In the past years, I have become increasingly intrigued as to how and why our devotional life can become an entry into everyday mysticism. Devotions are a regular practice of learned prayers and ways of praying handed down over centuries of spiritual practices and mystical experiences. Many Catholics draw daily from the spiritual wellspring of this rich tradition.
I am speaking here of the rosary, the Adoration of the Holy Sacrament, the devotion to the Sacred Heart of Jesus and the blessed Heart of Mary, the invocation of the Holy Spirit and of course the powerful intercessory prayers to the “cloud of witnesses” of our Saints. We have the spiritual ability to invoke a saint for almost any occasion, person, or profession. For example, there is a patron saint for hairdressers (St. Martin de Porres), two for lawyers (St. Ives and St. Thomas More), widows (St. Paula), orphans (St. Jerome Emiliani), lepers (St. Damien of Molokai), artillerymen (St. Barbara) and even the internet (St. Isidore of Seville)! St. Eugene de Mazenod, the founder of the Missionary Oblates, is the patron saint of dysfunctional families. He is considered a very modern saint for his willingness to intercede for all who have experienced the particular challenges and great pain of complicated family life.
These devotional practices affirm our life. They connect the reality of our humanness with the truth of God. They speak of how God continues to reach us in the marrow of our daily existence. However, there is a byproduct to these devotional practices. When we hold the saints in high regard, we can distort a more wholesome and accessible view of holiness. It is risky to equate being genuinely spiritual with practicing virtues heroically and living faith in an extraordinary manner.
Thomas Merton said that we needed to appreciate ordinary holiness so that living faith or responding to the baptismal call to its full potential is accessible to all. We do not need to burn at the stake, be boiled in oil, be shot by the death squad of an oppressive regime or isolate in mountains and monasteries for 50 to 60 years in a hermetical life to become holy. I call this democratizing the spiritual life by truly believing that intense and profound forms of connection with God, with Jesus and with the whole of creation is accessible to all. This is clearly expressed in the following quote by Ursula King:
“The Christian mystic is not primarily seen as a privileged individual or a member of an intellectual elite, as among the Platonists or Gnostics, but rather as a living cell of the Body of Christ. Thus, the mystical life represents the full flowering of Christian baptism, which is the rite in incorporation, the foundational sacrament, for membership of the Church. Because of this, mystical experience is in principle open to all. It is for everybody, not just the elect.”(Christian Mystics, chapter 1)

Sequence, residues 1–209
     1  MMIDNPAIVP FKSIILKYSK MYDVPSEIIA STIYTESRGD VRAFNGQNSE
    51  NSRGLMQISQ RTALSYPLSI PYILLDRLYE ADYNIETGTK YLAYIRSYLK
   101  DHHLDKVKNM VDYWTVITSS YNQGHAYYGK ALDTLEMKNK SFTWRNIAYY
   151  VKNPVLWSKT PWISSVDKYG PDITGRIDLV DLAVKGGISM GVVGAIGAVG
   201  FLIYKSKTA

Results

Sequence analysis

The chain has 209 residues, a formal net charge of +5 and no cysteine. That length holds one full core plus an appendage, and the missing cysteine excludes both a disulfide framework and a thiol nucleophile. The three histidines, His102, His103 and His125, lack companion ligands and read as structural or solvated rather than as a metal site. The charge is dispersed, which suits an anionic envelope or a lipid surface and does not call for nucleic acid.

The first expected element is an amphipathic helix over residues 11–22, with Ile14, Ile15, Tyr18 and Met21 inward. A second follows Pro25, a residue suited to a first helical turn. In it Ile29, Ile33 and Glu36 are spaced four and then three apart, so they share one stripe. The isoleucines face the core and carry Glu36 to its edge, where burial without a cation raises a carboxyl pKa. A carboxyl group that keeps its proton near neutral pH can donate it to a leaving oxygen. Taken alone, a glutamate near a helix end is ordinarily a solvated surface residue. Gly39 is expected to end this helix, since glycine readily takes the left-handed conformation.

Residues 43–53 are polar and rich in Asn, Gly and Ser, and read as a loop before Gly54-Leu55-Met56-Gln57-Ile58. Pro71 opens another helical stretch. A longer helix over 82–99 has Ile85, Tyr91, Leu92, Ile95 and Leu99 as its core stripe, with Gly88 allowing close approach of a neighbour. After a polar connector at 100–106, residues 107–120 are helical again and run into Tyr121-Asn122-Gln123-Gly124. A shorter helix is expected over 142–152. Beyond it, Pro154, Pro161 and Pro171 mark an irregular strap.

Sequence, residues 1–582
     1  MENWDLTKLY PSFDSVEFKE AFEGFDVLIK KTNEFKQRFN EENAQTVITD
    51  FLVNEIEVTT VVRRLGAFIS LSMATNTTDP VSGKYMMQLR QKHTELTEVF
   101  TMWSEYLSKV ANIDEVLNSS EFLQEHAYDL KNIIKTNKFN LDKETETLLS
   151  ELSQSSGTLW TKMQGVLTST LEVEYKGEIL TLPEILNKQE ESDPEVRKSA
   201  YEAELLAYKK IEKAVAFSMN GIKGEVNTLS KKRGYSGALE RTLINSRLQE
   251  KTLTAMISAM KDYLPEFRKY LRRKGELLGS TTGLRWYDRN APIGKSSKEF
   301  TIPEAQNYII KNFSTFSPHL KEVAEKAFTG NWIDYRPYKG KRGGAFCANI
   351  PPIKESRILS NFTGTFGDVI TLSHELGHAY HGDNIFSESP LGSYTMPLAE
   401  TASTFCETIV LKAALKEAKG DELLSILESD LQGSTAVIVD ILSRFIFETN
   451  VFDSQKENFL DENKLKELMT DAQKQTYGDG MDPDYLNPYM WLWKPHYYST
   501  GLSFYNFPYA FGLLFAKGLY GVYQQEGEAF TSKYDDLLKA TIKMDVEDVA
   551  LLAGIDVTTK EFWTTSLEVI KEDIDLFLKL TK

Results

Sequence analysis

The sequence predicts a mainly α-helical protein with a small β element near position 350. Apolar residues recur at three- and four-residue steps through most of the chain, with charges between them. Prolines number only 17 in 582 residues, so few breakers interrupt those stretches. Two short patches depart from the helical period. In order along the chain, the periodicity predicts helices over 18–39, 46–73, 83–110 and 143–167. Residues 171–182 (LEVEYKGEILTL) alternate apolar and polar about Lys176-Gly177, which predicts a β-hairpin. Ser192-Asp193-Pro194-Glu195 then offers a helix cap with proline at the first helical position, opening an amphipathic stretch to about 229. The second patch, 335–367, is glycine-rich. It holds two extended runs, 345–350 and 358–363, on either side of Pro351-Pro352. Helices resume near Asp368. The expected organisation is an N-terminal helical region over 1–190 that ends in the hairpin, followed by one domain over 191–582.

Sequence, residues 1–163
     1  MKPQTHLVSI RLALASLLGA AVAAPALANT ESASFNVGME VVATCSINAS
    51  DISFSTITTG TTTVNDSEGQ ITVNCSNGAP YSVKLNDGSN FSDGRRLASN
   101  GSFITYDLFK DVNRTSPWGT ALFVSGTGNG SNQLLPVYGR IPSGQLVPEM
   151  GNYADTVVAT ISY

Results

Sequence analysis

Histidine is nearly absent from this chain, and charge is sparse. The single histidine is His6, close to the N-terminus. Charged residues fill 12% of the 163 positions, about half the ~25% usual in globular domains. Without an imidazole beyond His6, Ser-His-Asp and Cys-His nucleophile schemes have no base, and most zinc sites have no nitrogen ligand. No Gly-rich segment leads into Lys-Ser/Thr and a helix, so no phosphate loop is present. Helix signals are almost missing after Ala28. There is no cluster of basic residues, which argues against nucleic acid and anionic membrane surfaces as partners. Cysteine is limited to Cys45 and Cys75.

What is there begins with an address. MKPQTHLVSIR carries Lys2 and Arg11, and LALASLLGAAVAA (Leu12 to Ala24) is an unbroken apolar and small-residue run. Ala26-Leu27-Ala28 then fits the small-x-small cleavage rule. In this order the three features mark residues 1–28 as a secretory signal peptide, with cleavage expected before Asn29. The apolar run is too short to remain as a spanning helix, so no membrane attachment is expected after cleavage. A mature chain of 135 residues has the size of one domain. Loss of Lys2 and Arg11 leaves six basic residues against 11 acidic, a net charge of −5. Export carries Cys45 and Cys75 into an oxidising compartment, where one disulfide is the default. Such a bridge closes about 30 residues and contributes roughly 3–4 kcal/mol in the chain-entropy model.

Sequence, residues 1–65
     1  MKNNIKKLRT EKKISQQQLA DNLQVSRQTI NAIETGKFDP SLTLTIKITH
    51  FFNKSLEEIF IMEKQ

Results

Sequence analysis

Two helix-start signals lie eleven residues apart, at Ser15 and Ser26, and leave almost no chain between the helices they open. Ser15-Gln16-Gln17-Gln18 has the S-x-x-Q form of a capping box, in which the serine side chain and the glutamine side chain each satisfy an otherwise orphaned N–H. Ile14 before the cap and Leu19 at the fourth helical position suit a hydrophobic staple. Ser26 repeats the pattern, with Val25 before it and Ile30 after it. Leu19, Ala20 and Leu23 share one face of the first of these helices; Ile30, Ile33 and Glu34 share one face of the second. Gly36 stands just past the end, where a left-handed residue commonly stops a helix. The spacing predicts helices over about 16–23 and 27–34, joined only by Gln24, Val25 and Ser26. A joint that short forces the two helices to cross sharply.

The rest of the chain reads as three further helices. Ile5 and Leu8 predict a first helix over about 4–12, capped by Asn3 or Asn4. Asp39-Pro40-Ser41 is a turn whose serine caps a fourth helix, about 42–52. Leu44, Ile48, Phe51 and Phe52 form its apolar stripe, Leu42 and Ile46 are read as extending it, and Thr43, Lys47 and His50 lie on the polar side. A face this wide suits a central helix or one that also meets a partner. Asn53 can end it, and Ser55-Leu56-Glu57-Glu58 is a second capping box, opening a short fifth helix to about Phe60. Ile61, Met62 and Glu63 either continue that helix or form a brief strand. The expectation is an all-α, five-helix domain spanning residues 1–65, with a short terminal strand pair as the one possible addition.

The most powerful consequence of our openness to mystical living is that it breaks down the false duality between action and contemplation, social justice and mysticism, theology and spirituality. In the next three parts of this article, I would like to illustrate this further with two different ways of understanding spirituality and conclude with a striking contemporary example of how a specific devotion can lead to a deeper mystical appreciation and experience of the Christian faith.
Fr. Daniel Renaud, OMI is a priest, religious and itinerant preacher with the Missionary Oblates of Mary Immaculate of the US province. Mentored by Fr. Ronald Rolheiser, OMI he ministers from the campus of the Oblate School of Theology (OST) in San Antonio, Texas. Fr. Renaud has degrees and training in drama education, theology, pastoral ministry, psychodrama and spiritual direction. He has preached retreats to priests, men and women religious, deacons and wives and lay people on desire and mysticism, 12 steps recovery, Ignatian spirituality and Jungian shadow work, ecological conversion, the Beatitudes and human development and grief and life transitions. Fr. Renaud is a member of Spiritual Director International (SDI). His areas of interest are resilience, finding one’s mission and purpose in life, spiritual healing of traumatic relationships and everyday mysticism.